Stress Urinary Incontinence

This is a common problem that affects women more than men.  It is leaking of urine when you cough, sneeze, run or laugh or any activity that increases the abdominal pressure and therefore, puts pressure on the bladder.  It is mainly caused by weakness of the pelvic floor muscles.  This can occur due to pregnancy and childbirth (especially following a forceps or vacuum delivery), chronic constipation, a chronic cough and post-prostatectomy.  In women, it often starts or gets worse around menopause. Treatment is aimed at strengthening the pelvic floor muscles and we would first assess that you can do a pelvic floor contraction and relax them correctly (50% of women can’t) and then would tailor an exercise programme to suit your muscles.  We can also use biofeedback and muscle stimulation if the muscles are particularly weak and real-time ultrasound to help see the pelvic floor movement. Make an appointment to see Tara (women only), Linda or Alan (post-prostatectomy only).

Overactive Bladder

Previously known as urgency, this occurs when the bladder muscles squeezes even if the bladder is not that full and you get a strong urge to go to the toilet.  It is often associated with frequency (going to the toilet more that seven times a day).  People with an overactive bladder will usually not stray too far from a toilet so it can restrict activities. Initially, we will get you to fill out a chart so that we can ascertain the degree of the problem and whether it is associated with drinking habits (for example, too much caffeine can exacerbate the problem) or a small bladder size. Treatment consists of a bladder and pelvic floor training problem. Make an appointment to see Tara.

Urge Incontinence

Urge Incontinence happens when you have strong urges from an overactive bladder but don’t get to the toilet on time.  The leak is usually quite large (compared to the small leak that usually happens with stress incontinence) and you often have to change clothes. Bladder training is the main initial treatment for this although we may liaise with your GP regarding medications. Make an appointment with Tara.

Bowel Incontinence

This can include leakage of stool, gas or mucous from the bowel or staining and can be very distressing.  Weakness of the pelvic floor specifically the anal sphincter muscle is the main cause and damage to the sphincter during surgery or childbirth can be present.  Chronic straining due to poor defecation mechanics can play a part as the bowel may not be emptying completely. Treatment of the pelvic floor muscle is a very important part of therapy although dietary issues may also need to be addressed.  Advice is also given on correct bowel habits.  Biofeedback therapy may be used. Make an appointment to see Tara (women only) or Linda.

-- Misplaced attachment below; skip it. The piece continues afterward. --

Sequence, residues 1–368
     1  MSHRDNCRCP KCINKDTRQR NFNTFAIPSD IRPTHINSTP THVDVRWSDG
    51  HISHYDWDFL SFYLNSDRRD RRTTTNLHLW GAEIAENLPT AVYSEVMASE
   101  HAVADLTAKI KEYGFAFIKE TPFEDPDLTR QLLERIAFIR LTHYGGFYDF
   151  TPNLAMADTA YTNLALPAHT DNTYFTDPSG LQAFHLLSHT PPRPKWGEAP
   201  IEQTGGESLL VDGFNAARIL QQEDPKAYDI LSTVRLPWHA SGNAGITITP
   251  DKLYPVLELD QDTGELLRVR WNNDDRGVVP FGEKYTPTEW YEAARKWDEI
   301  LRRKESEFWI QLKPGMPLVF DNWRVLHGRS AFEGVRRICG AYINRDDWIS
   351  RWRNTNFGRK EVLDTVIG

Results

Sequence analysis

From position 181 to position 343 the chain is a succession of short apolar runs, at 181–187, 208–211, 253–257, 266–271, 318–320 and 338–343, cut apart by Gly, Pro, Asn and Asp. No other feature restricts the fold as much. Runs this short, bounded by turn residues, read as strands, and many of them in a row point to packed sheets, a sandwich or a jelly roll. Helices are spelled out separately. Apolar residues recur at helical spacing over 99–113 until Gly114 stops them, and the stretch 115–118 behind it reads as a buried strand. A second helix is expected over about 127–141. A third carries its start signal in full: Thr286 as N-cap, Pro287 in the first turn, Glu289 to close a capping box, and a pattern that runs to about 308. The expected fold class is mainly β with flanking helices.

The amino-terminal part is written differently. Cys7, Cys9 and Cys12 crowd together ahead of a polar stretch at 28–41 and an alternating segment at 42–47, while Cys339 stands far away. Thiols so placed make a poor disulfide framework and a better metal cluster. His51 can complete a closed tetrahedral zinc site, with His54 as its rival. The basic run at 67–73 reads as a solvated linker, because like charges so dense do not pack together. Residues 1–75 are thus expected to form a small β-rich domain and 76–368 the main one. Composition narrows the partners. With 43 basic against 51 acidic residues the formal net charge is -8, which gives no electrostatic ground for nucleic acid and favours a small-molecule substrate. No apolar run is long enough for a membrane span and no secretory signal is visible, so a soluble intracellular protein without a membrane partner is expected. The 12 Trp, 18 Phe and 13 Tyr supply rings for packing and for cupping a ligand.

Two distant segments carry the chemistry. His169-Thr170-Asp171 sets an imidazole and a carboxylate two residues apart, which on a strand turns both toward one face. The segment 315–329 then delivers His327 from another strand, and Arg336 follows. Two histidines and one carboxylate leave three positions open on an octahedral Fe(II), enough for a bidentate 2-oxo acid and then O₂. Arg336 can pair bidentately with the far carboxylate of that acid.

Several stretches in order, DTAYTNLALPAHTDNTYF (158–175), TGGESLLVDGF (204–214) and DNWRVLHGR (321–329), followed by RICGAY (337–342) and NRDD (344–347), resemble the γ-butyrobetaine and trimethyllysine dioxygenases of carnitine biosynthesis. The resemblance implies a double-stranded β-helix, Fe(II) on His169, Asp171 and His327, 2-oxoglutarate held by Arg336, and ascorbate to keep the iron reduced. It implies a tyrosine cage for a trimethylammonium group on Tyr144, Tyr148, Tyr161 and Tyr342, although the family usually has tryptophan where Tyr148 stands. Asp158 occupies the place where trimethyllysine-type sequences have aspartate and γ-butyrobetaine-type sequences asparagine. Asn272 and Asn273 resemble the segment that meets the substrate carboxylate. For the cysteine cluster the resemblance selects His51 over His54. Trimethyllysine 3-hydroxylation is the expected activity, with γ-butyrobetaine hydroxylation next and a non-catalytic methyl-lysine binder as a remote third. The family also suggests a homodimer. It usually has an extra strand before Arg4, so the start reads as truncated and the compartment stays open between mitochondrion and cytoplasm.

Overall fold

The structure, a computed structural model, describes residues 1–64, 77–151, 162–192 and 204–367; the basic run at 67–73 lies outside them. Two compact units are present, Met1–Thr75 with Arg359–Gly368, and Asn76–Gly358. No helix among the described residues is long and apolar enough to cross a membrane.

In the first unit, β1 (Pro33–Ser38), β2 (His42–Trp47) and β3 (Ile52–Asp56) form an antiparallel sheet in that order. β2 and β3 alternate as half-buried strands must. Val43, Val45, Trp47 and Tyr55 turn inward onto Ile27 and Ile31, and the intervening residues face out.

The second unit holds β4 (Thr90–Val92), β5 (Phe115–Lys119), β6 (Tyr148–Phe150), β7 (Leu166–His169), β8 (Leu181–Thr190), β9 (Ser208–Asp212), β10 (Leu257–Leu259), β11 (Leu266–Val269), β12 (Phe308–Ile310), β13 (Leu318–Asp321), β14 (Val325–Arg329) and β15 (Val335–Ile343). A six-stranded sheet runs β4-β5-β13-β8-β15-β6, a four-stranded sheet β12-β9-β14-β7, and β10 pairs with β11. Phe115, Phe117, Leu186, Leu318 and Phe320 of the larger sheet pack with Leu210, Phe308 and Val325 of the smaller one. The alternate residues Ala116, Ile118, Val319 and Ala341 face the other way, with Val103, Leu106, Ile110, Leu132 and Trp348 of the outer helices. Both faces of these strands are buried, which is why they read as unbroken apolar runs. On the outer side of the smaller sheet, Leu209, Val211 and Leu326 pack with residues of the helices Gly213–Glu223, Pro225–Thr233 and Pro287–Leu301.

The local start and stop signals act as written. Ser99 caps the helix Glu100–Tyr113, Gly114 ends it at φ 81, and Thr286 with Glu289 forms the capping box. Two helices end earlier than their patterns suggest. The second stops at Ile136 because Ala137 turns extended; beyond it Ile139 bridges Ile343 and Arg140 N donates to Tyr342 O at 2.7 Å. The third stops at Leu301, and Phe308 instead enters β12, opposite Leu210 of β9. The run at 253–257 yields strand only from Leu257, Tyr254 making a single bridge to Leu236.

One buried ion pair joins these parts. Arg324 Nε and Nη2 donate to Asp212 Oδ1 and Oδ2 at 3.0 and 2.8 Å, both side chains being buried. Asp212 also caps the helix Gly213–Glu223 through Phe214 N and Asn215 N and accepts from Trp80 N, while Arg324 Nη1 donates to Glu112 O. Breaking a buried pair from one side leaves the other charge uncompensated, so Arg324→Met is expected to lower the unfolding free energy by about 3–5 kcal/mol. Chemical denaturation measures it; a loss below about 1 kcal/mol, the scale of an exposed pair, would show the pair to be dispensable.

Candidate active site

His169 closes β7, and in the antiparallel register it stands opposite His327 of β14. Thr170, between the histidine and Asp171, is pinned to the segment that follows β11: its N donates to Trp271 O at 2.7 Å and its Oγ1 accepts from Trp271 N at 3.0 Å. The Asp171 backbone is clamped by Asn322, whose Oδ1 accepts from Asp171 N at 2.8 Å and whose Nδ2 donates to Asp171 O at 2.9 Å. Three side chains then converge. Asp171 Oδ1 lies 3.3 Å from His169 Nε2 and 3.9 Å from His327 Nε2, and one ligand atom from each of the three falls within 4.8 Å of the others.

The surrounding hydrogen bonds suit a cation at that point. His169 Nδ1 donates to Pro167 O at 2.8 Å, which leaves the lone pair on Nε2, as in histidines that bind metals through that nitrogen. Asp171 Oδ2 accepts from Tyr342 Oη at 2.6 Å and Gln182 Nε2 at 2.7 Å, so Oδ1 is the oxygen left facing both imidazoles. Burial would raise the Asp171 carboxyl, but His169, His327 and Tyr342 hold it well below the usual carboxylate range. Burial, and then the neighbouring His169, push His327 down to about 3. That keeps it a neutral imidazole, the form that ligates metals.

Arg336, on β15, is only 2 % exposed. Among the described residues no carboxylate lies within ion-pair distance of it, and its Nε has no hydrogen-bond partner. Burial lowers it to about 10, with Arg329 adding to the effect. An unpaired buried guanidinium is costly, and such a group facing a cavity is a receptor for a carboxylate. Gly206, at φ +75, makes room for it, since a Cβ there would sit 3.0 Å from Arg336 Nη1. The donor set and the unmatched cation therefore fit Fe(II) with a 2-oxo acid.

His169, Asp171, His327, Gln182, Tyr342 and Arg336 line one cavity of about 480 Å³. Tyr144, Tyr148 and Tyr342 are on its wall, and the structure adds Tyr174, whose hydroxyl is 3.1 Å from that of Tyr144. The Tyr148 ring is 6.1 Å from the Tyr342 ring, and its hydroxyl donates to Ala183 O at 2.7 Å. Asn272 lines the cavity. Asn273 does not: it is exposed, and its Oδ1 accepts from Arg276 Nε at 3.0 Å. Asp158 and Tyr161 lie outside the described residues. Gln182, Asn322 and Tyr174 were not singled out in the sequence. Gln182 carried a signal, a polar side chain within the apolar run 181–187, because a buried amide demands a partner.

Constipation

There are many reasons for constipation but poor bowel mechanics can be a major cause in chronic constipation.  If there is poor muscle co-ordination between the abdominal and pelvic floor muscles, this can cause a difficulty in emptying the bowels.  The pelvic floor muscles may be contracting when they should be relaxing to open the sphincter (anismus). Diet and hydration is also very important.  Treatment consists of muscle relaxation and/or biofeedback therapy to train the muscles to work properly. Make an appointment to see Tara (women only) or Linda.

Prolapse

A prolapse usually happens due to weakness of the vaginal wall although there are other types.  It is called a cystocoele if it is the front wall and a rectocoele if it is the back wall that prolapses. Pelvic floor strengthening is very important as it helps to support the walls.  Prolapses of the rectum can also happen. Treatment consists of advice on avoiding straining the pelvic floor, strengthening using an exercise programme or sometime biofeedback or muscle stimulation. Make an appointment to see Tara.

Post-prostatectomy

Prostate surgery is one of the major causes of urinary incontinence in men. Symptoms can include leaking on activities such as coughing or getting up from a chair, terminal dribbling, frequency and urgency.  Physiotherapy to help train both the strength and endurance of the pelvic floor muscles and sometimes biofeedback or electrical stimulation may be used. We can use real-time ultrasound to help assess the muscles in certain cases. Ideally, we like to assess the muscle strength pre-operatively to check that a correct contraction can be initiated and to work on a home programme to strengthen as much as possible before surgery. We can also give advice on erectile dysfunction which is a common side effect post-surgery. Make an appointment to see Alan or Linda.